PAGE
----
By James Delingpole
Here is the kind of terrifying piece we’re going to see a lot more of in the coming weeks and months.
It’s published today in an allegedly conservative newspaper, the Daily Telegraph and the headline is: ‘There is no alternative: we are all socialists now in the fight against coronavirus.’
Really? Says who, exactly?
Oh, guess what. Turns out that the author Tom Harris is a former Labour MP.
Isn’t it extraordinary how handy the coronavirus is proving towards those of a big government persuasion? Apparently — so they claim — the pandemic is just so obviously a problem that can only be solved by massive state intervention that it justifies their entire leftist belief system and forces the rest of us to do so too.
Here is a taste of Harris’s drivel:
But in the words of one of Mr Johnson’s predecessors, there is no alternative. Yes, he will suffer criticism for loosening the purse strings after the fashion of Gordon Brown in 2008. But Johnson has already proved himself comfortable with the reputation of being a born-again Keynesian: spending on capital projects to create jobs and boost the economy in targeted regions may be, at first glance, a Labour policy. But Johnson doesn’t care so long as the policy works.
Don’t you just love the arrogance of that ‘so long as the policy works’? Harris is not even attempting to persuade us — just stating ex cathedra – that a successful outcome for a massive Keynesian spending splurge is a given, something we no longer need even to bother questioning any more.
Economist Kristian Niemitz’s satirical point is well made:
And it’s not just leftists who are coming up with this statist guff.
Here’s a tweet from a former senior UKIP politician:
I’m in favour of massive state (taxpayer) intervention to save the economy. It’s a must. But it will be the 2nd time in 12 yrs. So I hope what emerges afterwards is a greater respect for the public realm and an end to dumb jibes about Govt always being the bane of wealth-creation
“It’s a must”.
Oh well, if you say it like that, guess it must be.
Here is another egregious example, this time from a notionally Conservative commentator. Nick Timothy was, of course, the chief advisor to the Theresa May government. (And remember how well that turned out…)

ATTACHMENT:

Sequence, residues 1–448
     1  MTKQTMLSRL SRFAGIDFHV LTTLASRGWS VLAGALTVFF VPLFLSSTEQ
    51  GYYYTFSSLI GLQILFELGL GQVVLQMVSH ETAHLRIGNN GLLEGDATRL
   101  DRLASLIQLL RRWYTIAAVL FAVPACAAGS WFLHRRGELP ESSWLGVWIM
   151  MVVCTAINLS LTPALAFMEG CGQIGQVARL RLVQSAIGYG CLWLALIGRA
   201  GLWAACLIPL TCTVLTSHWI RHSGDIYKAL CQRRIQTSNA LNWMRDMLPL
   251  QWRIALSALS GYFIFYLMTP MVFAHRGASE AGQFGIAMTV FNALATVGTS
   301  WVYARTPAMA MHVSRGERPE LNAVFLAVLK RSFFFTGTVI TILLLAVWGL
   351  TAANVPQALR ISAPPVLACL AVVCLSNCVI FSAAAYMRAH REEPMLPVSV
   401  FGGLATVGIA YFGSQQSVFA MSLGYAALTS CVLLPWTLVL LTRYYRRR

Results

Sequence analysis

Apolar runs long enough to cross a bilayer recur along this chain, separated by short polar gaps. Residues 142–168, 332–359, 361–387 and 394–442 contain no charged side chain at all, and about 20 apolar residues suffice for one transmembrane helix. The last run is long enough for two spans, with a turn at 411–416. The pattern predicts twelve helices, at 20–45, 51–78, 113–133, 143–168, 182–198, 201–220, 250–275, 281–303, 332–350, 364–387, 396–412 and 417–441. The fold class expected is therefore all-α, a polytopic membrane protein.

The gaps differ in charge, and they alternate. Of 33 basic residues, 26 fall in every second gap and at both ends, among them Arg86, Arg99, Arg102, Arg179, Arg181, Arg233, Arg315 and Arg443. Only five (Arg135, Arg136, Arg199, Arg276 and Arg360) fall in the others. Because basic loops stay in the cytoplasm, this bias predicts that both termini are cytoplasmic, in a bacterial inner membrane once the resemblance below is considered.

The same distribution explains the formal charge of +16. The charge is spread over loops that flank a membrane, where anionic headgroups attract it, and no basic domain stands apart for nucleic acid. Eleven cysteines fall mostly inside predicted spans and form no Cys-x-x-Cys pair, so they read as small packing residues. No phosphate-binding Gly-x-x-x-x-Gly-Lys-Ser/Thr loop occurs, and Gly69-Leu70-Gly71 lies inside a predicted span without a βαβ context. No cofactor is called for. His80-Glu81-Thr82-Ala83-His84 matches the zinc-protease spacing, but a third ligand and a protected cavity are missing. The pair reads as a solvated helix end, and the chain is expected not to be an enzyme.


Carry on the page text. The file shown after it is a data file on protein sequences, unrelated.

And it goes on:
This paragraph made me particularly nauseous. It’s essentially a riff on Barack Obama’s similarly revolting, disingenuous, overweeningly statist ‘You didn’t build that’ slogan on the 2012 campaign trail.
From a leftist like Obama it was bad enough. But from someone wearing the conservative label — what was Timothy thinking when he wrote this bilge?
No business has ever built its success alone. Their goods are transported by road, their workers are educated in schools, and their customers are part of sophisticated networks that include the private sector, public sector and charities. Often firms’ intellectual property originated in public institutions. Far from operating in a vacuum, all businesses rely on a strong society, with good government and moral virtues, like honesty and integrity.
These siren voices urging expanded government — and more reckless spending of OUR money — are dangerous, really dangerous. Coronavirus will pass. Our economies will recover. Pump-priming them now is just insane, especially when we’re all physically incapable of going out and actually spending money. But we will as soon as we can.
I agree entirely with this very sensible piece by economist Ryan Bourne:
This, though, is no ordinary downturn. Economists and commentators who talk about it as such, pushing the same-old “fiscal stimulus” arguments for encouraging spending to “protect the economy,” are not just wrong right now, but dangerous.
The first implication of coronavirus economics is that a sharp slowdown in activity is necessary to contain the virus, because it represents the social distancing required to reduce its spread. While usually a reasonable proxy for economic health then, GDP is temporarily useless as a metric of social welfare. We should ignore it.
Second, ensuring this pause in activity does not do longer-lasting damage should be our key objective. We want this to play out like a bad agricultural season, or an extended “Christmas week” – with a Nike-tick recovery or, given some spending will never occur, a V-shaped rebound that redistributes activity over time.
Both these points mean policy success should be judged not by short-run GDP, but ability to mitigate distress among vulnerable households and businesses, preventing business failures or mass layoffs in viable firms, or severe hardship for those without significant savings or employer benefits. We can judge longer success by assessing the path of GDP over 1-2 years.
Again, Coronavirus will pass. But the damage done by excessive government meddling in the markets and elsewhere could last generations. This is what we should most fear; and it’s what we should fight most hard to resist.